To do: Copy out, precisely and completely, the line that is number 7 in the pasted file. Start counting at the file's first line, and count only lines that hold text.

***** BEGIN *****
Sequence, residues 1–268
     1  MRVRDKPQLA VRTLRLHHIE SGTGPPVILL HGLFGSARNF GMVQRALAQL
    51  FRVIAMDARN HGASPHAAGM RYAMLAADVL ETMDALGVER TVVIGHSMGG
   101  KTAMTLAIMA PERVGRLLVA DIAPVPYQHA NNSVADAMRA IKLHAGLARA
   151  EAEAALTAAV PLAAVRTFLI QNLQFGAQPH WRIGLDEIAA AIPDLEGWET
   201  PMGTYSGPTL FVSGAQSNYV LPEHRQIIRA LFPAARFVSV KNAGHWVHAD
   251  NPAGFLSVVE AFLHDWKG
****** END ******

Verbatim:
   251  NPAGFLSVVE AFLHDWKG